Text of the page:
31. In the present case, as noticed above, the appellant was able to correlate the invoices with the undertakings. It can, therefore, be concluded that the appellant satisfied the substantial conditions set out in the Exemption Notifications.

32. It needs to be noted that even for the subsequent period, the appellant continued to provide such services to the US Embassy and the exemption has been allowed.

33. Learned counsel for the appellant also contented that the extended period of limitation could not have been invoked in the facts and circumstances of the present case as there is no mala fide on the part of the appellant. The learned counsel for the appellant submitted that the appellant was the only service provider to the US Embassy for air travel services and the services rendered by it were supported by certificate and undertakings. Learned counsel also submitted that details about availing the benefit under the Exemption Notification was duly declared in the ST-3 returns and this fact has been admitted by the Department at paragraph 16 of the show cause notice. The submission, therefore, is that since the ST-3 returns were filed with the Department, it was aware of the fact that the appellant was claiming benefit under the Exemption Notifications and so no element of suppression or mala fide can be attributed to the appellant in such circumstances. In this connection reliance has been placed on the following decisions:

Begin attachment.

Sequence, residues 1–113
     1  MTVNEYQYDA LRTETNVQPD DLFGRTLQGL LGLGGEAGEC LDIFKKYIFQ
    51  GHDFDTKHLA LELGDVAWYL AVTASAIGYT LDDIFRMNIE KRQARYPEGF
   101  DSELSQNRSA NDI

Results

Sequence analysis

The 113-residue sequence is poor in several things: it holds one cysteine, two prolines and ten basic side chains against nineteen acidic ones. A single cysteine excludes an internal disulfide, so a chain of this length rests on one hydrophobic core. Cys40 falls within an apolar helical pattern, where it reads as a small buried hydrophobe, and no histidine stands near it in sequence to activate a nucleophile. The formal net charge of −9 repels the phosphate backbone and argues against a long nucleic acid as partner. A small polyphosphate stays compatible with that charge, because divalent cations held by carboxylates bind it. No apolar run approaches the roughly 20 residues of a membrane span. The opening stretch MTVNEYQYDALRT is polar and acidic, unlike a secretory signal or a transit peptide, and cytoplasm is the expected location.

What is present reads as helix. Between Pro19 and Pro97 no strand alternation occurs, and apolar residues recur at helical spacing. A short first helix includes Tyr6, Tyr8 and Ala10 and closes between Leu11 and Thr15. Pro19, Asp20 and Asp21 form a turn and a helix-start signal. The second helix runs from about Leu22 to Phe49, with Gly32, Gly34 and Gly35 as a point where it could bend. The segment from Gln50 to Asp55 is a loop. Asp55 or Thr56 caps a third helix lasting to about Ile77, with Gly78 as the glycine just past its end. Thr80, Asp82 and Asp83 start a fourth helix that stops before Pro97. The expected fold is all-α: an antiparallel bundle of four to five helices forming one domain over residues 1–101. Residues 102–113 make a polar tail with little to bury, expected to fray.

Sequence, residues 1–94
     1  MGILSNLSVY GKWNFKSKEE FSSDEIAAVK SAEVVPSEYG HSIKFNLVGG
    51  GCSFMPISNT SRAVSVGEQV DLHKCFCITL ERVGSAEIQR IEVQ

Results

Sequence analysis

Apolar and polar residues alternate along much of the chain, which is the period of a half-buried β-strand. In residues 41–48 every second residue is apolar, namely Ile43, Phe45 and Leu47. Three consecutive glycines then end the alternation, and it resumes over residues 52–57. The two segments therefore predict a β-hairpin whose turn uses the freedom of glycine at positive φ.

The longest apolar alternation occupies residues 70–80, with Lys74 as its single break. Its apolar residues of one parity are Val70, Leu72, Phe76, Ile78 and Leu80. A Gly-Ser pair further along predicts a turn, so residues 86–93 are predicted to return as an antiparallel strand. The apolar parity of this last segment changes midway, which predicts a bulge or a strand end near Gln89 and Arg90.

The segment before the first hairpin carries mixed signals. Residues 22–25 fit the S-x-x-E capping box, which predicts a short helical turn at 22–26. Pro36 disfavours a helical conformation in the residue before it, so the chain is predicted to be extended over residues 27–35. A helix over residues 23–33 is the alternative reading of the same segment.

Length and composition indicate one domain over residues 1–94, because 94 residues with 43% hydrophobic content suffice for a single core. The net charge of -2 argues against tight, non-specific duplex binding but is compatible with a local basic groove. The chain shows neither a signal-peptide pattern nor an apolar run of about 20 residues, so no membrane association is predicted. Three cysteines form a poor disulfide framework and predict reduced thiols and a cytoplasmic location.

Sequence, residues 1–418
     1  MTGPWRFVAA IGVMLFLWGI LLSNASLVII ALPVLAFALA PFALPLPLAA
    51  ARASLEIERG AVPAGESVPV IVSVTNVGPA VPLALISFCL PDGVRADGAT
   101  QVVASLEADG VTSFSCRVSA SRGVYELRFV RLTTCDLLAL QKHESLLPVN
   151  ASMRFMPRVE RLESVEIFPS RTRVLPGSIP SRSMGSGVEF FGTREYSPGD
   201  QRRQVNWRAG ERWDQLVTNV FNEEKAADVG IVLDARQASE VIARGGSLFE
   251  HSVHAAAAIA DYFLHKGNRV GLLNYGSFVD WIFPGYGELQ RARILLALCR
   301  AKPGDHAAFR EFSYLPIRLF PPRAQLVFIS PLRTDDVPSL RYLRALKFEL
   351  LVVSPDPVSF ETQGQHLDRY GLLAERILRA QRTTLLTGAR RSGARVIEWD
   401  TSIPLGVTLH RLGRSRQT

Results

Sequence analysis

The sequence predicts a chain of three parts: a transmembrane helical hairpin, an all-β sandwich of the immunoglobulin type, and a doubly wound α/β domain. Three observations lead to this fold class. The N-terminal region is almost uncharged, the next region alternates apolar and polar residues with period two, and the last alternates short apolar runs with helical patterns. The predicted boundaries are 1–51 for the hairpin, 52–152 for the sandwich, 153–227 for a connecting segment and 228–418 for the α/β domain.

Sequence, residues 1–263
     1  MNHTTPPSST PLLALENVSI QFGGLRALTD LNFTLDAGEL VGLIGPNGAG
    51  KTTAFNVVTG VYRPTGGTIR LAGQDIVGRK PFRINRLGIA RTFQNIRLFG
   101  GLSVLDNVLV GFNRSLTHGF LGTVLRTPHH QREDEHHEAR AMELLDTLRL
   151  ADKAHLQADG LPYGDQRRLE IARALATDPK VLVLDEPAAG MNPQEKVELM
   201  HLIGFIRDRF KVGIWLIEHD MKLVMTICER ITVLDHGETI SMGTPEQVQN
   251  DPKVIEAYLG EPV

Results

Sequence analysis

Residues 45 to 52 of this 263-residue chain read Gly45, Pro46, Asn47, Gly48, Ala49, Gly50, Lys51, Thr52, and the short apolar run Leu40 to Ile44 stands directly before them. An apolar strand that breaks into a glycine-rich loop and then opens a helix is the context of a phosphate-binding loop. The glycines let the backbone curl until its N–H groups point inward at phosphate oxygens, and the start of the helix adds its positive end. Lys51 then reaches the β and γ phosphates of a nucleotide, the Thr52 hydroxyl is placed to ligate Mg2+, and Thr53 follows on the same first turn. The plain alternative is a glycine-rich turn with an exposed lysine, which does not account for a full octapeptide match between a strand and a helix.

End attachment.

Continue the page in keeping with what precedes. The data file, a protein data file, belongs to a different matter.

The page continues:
a) Delhi International Airport Limited Commissioner of CGST, Delhi 2019 (24) GSTL 403 (Tri.- Del.);

b) Onward E-Services Ltd. Commissioner Of Service Tax, Mumbai-Ii 2019 (21) G.S.T.L. 167 (Tri. – Mumbai); and

c) Bharat Hotels Limited Commissioner, Central Excise (Adjudication) 2018 (2) TMI 123- Delhi High Court.

34. The period of dispute in the present appeal is from 01.10.2008 to 31.03.2013. The show cause notice was issued on 16.04.2014.